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Thread: Megging!

  1. #1
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    Megging!

    Hi All,

    I was wondering what the thoughts are on doing a megger check on your compressors as a P/M procedure. We're having mixed opinions at our shop.
    What do you all feel about this?

    Please send your thoughts or comments, I'm curious.

    Thanks!

  2. #2
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    I dont see any thing wrong with it. Meggers output a lot of volts but verry little amps. Whats the argument against it ?

  3. #3
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    Im assuming your not megging anything under a vacuum.

  4. #4
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    Glad you asked.

    The majority feel theres more harm than good. Windings take a beating during the process. Don't know if its true.

  5. #5
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    I hated when meggering pm time came around.Would almost hope to find something grounded just to prove to myself that i wasnt completely wasting my time.If everythings running properly i see no need to megger.Seen guys misplace motor leads,wires,etc.after meggering.

  6. #6
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    Quote Originally Posted by Achicagoperator View Post
    I hated when meggering pm time came around.Would almost hope to find something grounded just to prove to myself that i wasnt completely wasting my time.If everythings running properly i see no need to megger.Seen guys misplace motor leads,wires,etc.after meggering.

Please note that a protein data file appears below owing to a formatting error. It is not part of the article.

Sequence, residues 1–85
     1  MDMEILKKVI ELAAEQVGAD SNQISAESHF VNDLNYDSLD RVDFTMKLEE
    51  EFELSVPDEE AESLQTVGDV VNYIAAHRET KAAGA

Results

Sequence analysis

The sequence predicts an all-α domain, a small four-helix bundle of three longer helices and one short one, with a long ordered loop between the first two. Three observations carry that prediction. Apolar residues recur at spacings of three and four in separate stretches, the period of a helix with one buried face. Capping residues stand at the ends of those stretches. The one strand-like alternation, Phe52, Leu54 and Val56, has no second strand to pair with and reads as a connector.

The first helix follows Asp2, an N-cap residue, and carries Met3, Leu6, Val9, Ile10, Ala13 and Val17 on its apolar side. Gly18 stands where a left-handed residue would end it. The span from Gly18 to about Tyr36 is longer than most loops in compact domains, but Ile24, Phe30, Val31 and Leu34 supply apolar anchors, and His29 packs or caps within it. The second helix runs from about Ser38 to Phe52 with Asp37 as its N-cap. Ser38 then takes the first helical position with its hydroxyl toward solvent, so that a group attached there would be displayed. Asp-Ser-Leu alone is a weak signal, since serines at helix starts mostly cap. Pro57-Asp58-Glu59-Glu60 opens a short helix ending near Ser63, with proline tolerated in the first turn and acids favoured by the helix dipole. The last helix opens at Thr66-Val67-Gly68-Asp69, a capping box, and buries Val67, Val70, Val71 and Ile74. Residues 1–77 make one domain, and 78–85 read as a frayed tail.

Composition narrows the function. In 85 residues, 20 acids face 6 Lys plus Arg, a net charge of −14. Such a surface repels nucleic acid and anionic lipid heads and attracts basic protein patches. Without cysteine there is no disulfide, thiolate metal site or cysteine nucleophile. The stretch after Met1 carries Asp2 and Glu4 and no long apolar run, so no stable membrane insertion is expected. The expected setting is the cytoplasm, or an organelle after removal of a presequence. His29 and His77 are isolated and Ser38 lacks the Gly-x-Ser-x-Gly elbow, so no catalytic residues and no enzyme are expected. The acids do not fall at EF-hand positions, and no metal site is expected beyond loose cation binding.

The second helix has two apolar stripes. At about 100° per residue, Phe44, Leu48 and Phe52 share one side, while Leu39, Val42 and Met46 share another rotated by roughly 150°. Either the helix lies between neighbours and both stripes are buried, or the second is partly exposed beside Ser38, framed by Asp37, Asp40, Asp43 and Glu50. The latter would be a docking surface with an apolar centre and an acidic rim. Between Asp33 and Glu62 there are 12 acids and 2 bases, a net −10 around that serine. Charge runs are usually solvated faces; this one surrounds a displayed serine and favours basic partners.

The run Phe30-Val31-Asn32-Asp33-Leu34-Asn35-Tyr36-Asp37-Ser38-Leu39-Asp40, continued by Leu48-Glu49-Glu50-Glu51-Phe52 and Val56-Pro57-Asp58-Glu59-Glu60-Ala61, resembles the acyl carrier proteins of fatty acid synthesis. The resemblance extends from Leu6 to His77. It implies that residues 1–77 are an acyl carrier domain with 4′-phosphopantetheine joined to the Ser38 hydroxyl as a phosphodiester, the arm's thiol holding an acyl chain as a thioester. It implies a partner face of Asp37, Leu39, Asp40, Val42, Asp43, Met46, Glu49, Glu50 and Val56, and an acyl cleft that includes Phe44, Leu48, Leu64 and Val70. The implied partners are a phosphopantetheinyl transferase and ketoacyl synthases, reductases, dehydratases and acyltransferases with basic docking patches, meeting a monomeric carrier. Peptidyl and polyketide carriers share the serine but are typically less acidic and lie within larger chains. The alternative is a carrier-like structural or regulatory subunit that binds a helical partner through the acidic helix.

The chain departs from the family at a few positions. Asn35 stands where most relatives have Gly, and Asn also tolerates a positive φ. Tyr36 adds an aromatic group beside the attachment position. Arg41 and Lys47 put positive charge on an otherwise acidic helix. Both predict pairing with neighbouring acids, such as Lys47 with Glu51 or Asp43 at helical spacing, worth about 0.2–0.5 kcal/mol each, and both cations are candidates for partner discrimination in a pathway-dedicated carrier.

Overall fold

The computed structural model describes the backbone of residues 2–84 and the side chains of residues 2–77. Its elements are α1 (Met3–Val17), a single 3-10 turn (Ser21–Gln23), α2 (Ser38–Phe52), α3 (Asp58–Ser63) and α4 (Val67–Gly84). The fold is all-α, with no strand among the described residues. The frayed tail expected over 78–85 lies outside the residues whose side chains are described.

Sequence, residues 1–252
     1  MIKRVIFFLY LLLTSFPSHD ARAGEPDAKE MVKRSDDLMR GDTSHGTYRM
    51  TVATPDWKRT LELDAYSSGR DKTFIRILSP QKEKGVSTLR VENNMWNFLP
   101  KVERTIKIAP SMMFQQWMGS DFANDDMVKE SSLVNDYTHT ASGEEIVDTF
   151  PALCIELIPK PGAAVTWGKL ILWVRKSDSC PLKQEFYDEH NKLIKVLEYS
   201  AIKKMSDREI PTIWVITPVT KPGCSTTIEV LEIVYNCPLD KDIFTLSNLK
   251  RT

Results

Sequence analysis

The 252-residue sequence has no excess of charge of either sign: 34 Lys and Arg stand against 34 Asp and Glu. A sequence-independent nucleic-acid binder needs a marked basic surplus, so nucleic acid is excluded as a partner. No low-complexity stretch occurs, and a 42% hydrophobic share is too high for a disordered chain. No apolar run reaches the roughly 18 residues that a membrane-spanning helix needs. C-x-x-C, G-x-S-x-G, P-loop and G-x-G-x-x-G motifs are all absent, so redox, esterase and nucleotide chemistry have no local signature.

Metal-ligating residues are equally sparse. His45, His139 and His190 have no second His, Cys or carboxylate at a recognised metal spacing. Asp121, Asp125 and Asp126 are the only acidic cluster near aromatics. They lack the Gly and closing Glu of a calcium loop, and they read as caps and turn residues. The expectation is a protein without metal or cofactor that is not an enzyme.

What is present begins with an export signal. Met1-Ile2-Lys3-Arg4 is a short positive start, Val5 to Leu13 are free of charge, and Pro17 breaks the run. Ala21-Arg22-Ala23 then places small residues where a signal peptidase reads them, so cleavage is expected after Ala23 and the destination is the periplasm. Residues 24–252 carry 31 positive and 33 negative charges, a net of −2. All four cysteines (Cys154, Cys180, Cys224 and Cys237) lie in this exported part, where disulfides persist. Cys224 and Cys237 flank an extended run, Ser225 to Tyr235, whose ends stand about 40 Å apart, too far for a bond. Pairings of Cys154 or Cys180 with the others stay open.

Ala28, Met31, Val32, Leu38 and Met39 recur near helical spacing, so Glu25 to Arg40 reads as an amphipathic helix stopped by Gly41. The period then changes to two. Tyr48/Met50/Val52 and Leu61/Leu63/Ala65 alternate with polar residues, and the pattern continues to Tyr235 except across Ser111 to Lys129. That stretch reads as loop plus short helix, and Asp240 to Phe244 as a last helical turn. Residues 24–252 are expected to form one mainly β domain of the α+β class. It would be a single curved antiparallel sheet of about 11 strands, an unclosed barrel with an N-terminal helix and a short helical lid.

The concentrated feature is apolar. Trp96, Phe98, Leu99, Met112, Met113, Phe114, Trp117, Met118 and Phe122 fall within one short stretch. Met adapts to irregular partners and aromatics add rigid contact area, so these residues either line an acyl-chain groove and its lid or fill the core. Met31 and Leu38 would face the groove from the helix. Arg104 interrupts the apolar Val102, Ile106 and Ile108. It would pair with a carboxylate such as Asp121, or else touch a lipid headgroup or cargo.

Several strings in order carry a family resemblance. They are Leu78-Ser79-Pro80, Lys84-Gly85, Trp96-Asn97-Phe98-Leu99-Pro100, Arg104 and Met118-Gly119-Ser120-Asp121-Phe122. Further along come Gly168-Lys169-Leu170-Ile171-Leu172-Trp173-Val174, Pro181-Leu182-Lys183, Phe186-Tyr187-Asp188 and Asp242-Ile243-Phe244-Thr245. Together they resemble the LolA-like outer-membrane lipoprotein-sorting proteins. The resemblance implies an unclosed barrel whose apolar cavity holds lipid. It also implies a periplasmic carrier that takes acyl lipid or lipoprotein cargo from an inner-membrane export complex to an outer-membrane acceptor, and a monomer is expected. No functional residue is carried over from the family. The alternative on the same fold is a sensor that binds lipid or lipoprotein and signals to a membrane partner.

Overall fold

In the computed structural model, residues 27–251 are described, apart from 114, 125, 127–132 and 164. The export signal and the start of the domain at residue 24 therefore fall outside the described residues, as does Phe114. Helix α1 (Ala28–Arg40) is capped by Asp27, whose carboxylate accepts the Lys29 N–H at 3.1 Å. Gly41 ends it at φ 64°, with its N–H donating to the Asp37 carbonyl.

Now thats a great argument against it. I change my mind.

  7. #7
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    Smile Meg checks-just another tool in the arsenal

    I have to say I find it to be useful. If the compressor meggs out poor but is still running, you have a chance to recommend a replacement before it turns into a burnout. If it burns, the customer loses the gas (and the only cheap refrigerant these days is the air drifting through the double hung valves), has to do a system cleanup :recovery and disposal of the burnt gas, probable system flush-RX11 isn't cheap- suction core drier, possibly with isolation valves if you can't pump it down, the obligatory liquid line drier replacement with drier replacements after it's back up and running, along with new gas. Not to mention the fact that if the system isn't cleaned up properly with follow up acid tests/drier changes, the new compressor won't last. All of which is VERY expensive.
    A meg test can also tell you if you may have a lot of moisture in the system-which might be resolved with simple drier changes.
    Tag your wires and don't lose stuff. Megging out a compressor is a chance for you to make money by doing things right. I say chance because just because you show a customer a bad meg reading on a compressor doesn't mean they will approve a replacement. You have to explain exactly what the test means and the worst case scenario. Then quote them the price for a new compressor. Also quote the price of a cleanup separately.